Approaching this issue involves a slight shift in perspective from “what works and why?” in Bayesian facilitation to “what works for whom, and why?” (see Hill and Brase, 2012; McNair and Feeney, in press, for examples), and more recent research has begun to illuminate a diverse range of psychological capacities associated with Bayesian facilitation. Abilities such as numeracy (e.g., Johnson and Tubau, 2013; McNair and Feeney, in press; though see also Hill and Brase, 2012); cognitive reflection (Lesage et al., 2013); and fluid intelligence (e.g., Sirota et al., 2014) have variously being associated with good Bayesian reasoning, which may go some way in explaining why previous research has noted such variability in facilitation findings (see Brase et al., 2006, for related concerns). Yet, identifying that component abilities and traits are associated with facilitation effects answers only part of the above question. Moreover, recent discussion of individual differences in Bayesian facilitation has remained grounded in the evolutionary and nested-sets debate as it stands, and as such there exists limited extrapolation of these findings beyond the abstract activation of either a frequency-processing engine in the brain, or set-based analytical processing [though see discussions of Sirota et al. (2014) and Johnson and Tubau (2013) for some further speculation]. Of further interest is exactly how these individual differences in facilitation are manifest in terms of differential thought processes that separate good Bayesian reasoning from bad.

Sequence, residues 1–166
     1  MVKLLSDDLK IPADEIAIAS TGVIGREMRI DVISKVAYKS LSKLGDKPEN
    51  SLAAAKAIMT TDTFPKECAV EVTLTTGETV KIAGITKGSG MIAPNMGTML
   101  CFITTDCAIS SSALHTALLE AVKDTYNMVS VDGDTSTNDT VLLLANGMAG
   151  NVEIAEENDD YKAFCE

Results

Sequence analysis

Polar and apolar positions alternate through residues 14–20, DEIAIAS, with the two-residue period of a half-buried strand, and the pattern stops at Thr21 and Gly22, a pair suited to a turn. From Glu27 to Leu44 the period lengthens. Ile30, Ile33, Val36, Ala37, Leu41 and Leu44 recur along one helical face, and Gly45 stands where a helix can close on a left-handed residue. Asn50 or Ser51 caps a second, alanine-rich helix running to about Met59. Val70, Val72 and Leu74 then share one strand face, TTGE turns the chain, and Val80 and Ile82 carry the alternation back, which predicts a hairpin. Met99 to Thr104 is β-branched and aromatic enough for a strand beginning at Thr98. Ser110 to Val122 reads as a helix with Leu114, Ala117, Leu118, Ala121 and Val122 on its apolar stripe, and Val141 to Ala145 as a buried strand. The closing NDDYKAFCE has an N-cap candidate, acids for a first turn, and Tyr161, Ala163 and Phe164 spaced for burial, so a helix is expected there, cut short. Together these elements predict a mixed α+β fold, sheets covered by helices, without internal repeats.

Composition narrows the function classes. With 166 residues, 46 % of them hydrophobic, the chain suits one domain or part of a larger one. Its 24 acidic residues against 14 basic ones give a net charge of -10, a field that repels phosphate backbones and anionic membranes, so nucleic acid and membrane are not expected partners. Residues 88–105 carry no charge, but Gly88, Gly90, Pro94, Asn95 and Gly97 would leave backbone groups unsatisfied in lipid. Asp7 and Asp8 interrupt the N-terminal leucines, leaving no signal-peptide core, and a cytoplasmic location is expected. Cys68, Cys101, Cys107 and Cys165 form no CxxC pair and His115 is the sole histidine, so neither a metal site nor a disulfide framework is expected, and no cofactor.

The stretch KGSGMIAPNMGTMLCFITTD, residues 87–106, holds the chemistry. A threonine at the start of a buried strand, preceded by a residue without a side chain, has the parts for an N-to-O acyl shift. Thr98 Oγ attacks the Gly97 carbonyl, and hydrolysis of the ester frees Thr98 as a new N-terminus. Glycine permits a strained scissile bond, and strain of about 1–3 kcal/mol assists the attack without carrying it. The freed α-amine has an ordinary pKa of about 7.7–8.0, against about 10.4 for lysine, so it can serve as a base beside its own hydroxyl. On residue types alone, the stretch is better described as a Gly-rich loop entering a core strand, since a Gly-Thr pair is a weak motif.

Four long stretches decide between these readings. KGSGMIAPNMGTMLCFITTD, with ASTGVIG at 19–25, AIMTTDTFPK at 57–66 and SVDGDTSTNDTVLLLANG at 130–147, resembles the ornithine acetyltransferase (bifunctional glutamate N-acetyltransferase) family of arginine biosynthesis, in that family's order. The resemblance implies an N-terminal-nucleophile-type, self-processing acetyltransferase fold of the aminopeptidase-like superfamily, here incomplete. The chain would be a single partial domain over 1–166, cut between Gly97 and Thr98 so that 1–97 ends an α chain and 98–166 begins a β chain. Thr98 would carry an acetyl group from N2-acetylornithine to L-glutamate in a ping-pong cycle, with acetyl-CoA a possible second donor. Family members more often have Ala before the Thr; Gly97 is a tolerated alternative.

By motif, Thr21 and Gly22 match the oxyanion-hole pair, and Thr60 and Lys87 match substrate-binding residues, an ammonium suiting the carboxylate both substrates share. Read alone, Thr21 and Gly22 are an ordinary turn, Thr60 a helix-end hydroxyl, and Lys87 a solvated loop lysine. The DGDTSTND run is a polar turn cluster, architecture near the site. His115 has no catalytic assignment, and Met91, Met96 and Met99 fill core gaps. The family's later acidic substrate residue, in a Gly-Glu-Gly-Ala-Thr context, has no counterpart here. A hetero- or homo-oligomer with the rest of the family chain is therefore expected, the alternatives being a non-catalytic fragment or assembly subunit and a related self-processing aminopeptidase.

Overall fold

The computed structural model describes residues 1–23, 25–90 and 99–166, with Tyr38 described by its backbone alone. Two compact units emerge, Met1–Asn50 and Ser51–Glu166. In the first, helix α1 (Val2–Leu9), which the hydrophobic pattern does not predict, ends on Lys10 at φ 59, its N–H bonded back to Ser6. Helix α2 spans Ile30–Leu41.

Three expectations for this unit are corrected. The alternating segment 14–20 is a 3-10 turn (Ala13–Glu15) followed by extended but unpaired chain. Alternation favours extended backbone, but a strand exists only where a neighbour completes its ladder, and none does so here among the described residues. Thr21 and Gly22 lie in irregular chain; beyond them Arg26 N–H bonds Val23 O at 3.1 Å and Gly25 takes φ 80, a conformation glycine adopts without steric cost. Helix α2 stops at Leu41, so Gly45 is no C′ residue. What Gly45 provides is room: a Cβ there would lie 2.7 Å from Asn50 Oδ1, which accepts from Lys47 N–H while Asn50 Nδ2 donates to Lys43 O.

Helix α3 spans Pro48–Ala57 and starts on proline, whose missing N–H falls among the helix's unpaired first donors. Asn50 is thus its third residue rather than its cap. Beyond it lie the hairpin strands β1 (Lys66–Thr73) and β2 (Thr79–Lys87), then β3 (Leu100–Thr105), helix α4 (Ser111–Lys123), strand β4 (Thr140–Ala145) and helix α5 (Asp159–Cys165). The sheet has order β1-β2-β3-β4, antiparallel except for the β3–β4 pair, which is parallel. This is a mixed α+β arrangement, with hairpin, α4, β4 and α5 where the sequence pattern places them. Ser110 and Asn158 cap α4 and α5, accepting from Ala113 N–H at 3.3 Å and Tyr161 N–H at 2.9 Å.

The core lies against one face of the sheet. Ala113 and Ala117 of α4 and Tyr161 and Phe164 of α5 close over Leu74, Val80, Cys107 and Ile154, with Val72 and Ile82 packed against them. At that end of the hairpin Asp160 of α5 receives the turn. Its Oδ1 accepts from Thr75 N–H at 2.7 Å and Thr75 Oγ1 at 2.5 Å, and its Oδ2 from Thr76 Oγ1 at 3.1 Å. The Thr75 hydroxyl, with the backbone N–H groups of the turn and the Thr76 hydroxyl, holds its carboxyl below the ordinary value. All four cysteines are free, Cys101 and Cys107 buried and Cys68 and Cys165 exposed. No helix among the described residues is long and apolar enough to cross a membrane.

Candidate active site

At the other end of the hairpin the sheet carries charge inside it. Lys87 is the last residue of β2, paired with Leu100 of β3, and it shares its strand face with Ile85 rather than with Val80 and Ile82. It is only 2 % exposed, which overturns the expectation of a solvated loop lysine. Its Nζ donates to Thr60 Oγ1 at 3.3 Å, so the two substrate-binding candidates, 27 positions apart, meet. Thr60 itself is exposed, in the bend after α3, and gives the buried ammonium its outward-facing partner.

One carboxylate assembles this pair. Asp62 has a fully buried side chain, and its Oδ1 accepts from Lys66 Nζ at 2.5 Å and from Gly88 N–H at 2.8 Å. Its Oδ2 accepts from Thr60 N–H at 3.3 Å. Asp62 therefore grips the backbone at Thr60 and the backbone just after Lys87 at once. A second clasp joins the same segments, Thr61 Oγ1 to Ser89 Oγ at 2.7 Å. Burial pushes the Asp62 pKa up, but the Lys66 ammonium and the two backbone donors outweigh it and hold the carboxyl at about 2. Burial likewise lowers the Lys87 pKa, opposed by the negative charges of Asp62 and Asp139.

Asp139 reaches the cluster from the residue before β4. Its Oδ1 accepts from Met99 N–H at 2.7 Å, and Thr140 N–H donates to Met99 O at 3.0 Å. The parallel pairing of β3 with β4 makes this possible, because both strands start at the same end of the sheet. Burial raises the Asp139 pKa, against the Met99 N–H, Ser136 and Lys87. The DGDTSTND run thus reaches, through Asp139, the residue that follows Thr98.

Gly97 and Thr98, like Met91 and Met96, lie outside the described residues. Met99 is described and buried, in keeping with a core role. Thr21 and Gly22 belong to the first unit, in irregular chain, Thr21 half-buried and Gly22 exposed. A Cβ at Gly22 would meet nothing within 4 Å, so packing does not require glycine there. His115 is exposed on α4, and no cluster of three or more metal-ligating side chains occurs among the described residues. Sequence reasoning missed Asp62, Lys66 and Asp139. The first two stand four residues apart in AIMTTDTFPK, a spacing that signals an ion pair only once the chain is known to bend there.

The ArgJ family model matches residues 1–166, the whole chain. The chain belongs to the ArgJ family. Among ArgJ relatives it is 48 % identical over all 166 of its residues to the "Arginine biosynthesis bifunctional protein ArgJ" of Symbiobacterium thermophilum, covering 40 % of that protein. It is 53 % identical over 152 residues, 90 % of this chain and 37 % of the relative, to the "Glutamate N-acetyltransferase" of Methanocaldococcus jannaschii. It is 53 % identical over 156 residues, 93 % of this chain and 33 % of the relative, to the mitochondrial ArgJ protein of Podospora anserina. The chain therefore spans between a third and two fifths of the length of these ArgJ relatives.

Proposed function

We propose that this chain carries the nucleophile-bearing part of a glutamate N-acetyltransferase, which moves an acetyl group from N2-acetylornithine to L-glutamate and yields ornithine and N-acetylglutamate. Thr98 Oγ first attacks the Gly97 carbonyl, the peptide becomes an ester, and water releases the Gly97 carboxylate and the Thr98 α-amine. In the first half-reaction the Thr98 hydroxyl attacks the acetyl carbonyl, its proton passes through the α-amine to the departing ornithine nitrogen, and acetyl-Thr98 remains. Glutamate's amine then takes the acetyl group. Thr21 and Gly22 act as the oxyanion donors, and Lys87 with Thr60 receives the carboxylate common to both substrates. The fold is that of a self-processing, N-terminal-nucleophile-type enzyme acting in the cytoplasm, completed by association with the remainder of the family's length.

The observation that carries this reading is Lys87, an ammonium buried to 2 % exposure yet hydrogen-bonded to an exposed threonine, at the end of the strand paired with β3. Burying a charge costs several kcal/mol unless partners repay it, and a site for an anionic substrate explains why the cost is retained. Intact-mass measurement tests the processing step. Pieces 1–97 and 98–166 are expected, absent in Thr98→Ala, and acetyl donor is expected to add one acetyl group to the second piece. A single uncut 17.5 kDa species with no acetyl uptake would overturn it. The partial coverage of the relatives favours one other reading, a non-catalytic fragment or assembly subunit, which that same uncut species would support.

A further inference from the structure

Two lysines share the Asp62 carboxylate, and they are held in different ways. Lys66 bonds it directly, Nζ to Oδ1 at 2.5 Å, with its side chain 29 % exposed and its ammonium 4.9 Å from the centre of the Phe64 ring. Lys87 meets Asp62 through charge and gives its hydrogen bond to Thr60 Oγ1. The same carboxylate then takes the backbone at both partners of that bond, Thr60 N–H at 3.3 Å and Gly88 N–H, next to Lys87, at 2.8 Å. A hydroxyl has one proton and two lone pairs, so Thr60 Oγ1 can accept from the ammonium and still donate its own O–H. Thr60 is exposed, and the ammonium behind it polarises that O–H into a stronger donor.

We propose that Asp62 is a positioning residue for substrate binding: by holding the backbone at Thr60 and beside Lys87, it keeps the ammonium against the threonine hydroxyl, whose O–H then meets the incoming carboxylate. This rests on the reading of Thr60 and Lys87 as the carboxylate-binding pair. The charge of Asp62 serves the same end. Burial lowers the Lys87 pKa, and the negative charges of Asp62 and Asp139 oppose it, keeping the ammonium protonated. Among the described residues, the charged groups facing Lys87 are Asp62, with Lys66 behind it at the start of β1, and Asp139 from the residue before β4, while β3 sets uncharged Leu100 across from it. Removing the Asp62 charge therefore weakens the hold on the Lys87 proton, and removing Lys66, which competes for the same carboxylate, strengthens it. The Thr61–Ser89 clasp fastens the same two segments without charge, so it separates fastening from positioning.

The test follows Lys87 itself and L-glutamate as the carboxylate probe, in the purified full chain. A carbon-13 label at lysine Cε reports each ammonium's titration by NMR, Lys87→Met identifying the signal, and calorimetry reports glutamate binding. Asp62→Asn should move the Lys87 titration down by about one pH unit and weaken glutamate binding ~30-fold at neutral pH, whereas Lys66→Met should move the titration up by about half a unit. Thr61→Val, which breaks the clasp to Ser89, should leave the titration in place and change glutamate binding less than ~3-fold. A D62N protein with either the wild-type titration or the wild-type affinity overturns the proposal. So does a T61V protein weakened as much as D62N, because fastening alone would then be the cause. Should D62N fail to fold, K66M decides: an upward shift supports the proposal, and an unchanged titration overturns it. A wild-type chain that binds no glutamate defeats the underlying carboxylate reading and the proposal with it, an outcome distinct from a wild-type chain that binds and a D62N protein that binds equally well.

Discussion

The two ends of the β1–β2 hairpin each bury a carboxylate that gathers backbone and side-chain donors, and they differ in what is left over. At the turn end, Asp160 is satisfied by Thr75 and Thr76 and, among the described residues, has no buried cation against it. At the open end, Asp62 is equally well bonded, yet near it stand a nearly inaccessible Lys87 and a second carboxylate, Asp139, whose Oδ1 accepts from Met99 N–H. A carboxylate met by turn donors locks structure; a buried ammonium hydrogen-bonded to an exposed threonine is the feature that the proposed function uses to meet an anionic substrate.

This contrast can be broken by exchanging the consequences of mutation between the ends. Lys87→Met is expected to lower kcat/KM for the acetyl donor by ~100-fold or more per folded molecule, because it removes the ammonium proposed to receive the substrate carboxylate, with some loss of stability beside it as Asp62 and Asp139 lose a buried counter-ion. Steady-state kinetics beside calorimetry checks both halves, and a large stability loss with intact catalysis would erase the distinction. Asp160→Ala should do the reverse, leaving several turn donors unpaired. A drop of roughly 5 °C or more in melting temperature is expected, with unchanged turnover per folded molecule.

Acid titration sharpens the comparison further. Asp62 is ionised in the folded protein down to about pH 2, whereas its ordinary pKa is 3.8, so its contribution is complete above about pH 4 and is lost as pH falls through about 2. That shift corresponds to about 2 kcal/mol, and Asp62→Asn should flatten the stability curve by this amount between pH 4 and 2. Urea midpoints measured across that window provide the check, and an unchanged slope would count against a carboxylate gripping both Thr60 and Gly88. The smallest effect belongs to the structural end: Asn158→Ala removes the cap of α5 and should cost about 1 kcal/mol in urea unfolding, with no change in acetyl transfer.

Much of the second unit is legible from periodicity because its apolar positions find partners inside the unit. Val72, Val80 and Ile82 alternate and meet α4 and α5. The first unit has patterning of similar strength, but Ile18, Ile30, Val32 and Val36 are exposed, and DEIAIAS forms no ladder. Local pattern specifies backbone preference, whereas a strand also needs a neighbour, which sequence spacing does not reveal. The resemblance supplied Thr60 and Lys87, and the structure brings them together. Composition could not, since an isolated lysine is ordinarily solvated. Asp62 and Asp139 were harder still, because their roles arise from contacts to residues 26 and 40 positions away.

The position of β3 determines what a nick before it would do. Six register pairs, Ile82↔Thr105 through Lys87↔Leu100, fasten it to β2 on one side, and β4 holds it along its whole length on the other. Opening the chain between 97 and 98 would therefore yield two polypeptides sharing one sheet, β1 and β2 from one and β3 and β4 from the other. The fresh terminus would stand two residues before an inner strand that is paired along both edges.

Other recent research, for instance, is beginning to unearth exactly how different cognitive abilities inform different forms of reasoning (e.g., Del Missier et al., 2013). Elsewhere, De Neys and Bonnefon (2013) consider that cognitive individual differences may occur either early or late in the reasoning process. Their contention is that early individual divergences in the reasoning process may represent a more fundamental lack of formal knowledge, whilst later divergences may represent failures in appropriately applying knowledge. Given this hypothesis, individual differences in facilitation effects could be leveraged to signal the particular step in the Bayesian process on which a particular intervention exerts most benefit. For this type of approach to yield maximum insight, however, requires more than a slight shift in theoretical perspective; it will also require a reappraisal of some typical methodological practices used in the study of Bayesian reasoning.